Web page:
Archive for the ‘American Politics’ Category

I COMPLETELY agree with the points made by Bill Gross in this article.  Here is an excerpt and the link:

“Faced with these two decidedly different routes to “level the playing field” it seems obvious that the United States is opting for “Easy Street” as opposed to “Buckle Down Road.” Granted, “The Ben Bernank” as a YouTube cartoon rather hilariously labeled him, has for several months importuned Congress and the Executive Branch to institute substantive reforms, while he attempts to keep the patient alive via non-conventional monetary policy. But very few others are willing to extract their heads from the sand. The President’s debt commission with its insistence on low personal and corporate income tax rates and a mere 15 cent increase in the gasoline tax was one example. The Republicans’ reluctance to advance detailed ideas for budget balancing is another. And the Democrats’ two-year focus on the biggest entitlement program since Social Security – healthcare – as opposed to fundamental reforms to counter our lack of global competitiveness – is perhaps the most grievous example of lost opportunity. Unlike the United Kingdom, where Prime Minister Cameron has championed fiscal conservatism, or even Euroland, which is being forced in the direction of Angela Merkel’s Germanic work ethic, the United States seems to acknowledge no bounds to what it can spend to bolster consumption or how much it can print to support its asset markets. We will more than likely continue to “level the playing field” via currency devaluation and an increasing emphasis on trade barriers and immigration, as opposed to constructive policies to make this country more competitive in the global marketplace.”



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The links below present two opposing conclusions on the second round of quantitative easing (QE2), which began today.

Quantitative easing refers to a process that involves the Fed printing new money to buy long-term treasury bonds.  The practice aims to stimulate demand and prevent deflation by lowering long-term interest rates, but QE also has many other effects.  QE raises the risk of inflation, distorts risky asset prices and disturbs currency markets.  Low US interest rates have created a “carry trade” where investors borrow dollars at superficially low rates and invest abroad.  This does nothing to help the US economy and has the potential to distort foreign asset prices.  Finally, to cap it off, QE supports our current fiscal irresponsibility by keeping the government’s borrowing costs artificially low.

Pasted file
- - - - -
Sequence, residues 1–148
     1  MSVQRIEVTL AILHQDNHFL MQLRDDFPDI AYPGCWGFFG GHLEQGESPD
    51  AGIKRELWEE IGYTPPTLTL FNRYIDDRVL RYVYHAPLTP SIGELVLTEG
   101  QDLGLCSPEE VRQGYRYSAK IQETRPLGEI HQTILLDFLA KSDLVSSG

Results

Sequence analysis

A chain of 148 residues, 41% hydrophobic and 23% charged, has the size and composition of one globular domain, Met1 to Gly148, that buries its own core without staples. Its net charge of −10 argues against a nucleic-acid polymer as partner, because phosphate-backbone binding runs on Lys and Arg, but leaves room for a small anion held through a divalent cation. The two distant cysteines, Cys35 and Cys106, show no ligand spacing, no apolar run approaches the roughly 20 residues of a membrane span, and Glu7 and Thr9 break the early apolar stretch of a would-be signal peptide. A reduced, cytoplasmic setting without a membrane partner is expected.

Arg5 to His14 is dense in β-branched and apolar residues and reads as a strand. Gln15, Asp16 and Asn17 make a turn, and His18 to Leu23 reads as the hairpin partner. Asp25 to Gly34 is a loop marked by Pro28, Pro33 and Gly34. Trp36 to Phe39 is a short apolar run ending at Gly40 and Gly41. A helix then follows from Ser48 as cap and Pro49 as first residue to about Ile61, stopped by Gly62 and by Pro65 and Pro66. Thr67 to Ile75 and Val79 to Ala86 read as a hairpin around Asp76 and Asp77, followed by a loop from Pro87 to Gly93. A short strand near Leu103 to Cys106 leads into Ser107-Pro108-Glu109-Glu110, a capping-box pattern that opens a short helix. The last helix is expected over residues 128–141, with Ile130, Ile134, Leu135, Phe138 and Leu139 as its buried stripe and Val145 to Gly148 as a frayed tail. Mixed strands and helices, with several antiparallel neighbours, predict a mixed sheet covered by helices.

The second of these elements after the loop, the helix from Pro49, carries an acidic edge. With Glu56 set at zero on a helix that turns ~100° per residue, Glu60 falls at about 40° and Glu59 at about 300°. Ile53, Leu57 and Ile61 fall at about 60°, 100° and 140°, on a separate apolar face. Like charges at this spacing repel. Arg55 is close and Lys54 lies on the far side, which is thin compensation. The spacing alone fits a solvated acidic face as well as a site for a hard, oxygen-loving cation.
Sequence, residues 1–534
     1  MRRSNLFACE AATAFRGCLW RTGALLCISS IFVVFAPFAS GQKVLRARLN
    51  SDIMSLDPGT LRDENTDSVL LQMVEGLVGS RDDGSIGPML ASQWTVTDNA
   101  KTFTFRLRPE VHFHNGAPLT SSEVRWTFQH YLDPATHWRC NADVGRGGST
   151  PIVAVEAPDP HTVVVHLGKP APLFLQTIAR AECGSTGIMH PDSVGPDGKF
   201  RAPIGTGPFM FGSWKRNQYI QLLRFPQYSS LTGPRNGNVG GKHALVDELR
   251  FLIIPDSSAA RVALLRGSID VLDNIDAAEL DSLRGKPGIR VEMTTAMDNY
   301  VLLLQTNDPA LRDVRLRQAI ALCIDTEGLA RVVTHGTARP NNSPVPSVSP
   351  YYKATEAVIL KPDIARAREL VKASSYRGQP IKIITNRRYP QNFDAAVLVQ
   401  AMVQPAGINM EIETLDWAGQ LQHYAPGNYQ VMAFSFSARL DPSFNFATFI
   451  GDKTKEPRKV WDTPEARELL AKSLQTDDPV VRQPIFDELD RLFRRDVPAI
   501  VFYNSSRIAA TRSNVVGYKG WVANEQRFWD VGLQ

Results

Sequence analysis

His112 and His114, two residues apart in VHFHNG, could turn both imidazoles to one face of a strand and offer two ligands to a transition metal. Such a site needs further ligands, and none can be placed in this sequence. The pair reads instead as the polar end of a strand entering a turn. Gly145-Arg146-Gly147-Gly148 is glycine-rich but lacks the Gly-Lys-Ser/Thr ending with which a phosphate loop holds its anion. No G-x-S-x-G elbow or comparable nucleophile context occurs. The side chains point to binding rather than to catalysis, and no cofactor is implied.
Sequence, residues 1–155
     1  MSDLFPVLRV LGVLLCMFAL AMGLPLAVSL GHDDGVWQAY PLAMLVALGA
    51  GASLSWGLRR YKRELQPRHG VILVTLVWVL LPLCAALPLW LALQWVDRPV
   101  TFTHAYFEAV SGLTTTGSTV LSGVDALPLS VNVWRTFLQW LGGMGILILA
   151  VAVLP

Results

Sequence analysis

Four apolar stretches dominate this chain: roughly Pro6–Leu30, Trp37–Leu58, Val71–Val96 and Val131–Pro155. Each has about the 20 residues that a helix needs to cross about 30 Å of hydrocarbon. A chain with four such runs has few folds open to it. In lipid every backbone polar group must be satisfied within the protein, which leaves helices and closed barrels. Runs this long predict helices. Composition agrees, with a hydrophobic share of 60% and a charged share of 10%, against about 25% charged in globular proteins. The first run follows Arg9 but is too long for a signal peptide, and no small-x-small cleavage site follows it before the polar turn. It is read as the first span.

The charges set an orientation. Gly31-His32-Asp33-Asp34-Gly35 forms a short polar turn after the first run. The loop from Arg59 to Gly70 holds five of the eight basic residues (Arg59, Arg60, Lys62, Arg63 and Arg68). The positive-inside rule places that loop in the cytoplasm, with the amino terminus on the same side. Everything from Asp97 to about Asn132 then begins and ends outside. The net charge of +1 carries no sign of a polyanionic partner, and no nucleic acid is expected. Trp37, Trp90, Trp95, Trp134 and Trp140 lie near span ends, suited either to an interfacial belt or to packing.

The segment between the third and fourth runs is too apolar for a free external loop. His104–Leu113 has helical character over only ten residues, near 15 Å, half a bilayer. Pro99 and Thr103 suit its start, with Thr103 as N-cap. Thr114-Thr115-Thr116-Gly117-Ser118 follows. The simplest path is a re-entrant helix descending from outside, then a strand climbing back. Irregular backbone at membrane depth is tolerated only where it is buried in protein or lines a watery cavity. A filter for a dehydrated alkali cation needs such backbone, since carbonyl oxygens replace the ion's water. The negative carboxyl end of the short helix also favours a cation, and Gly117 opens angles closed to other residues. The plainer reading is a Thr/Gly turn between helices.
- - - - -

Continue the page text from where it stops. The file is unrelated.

I side with Feldstein on this one.



Also note the international implications:


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I have mixed feelings about Obama’s bank reform proposal that was outlined today.  For a start, the timing is terrible.  This may have genuinely been months in the making but the alignment with Bank bonus season and Brown’s election makes the announcement seem like more popularist bank bashing.  The American Dream is about opportunity not outcome.  Let’s not forget that, OK?

Intent aside, I have advocated for Volcker’s comparatively radical proposals for some time now.  Fundamentally, proprietary trading operations should not enjoy access to cheap borrowings as implicit (or explicit) federal support grants them.  Yet their integration with commercial banks recently provided many such operations with extensive access to federal resources like the discount window.  The moral hazard implicit in a system of financial risk taking that includes any such backstops (the “Greenspan/Bernanke Put” being another issue entirely) will never create efficient, long-term investment and is thus unacceptable.   While I see some economies of scale in commercial banking (BOA’s online services, ATM networks) I see no efficiency gains from the existence of banks so large they pose a systemic danger.  I also don’t believe proprietary trading operations  enhance commercial banking services, or vice verse, for combined companies’ customers.  I don’t care how many republicans (with frustratingly little knowledge of economics) start tossing around buzz words like “government interference” and “stifled innovation,” I believe separating proprietary trading from commercial banking and disassembling/preventing too-big-to-fail institutions makes good economic sense from the perspective of this nation’s best interests.  That said, the devil is usually in the details.  We’ll wait and see where the hows, whos and whens leave this proposal.


Additional Reading:


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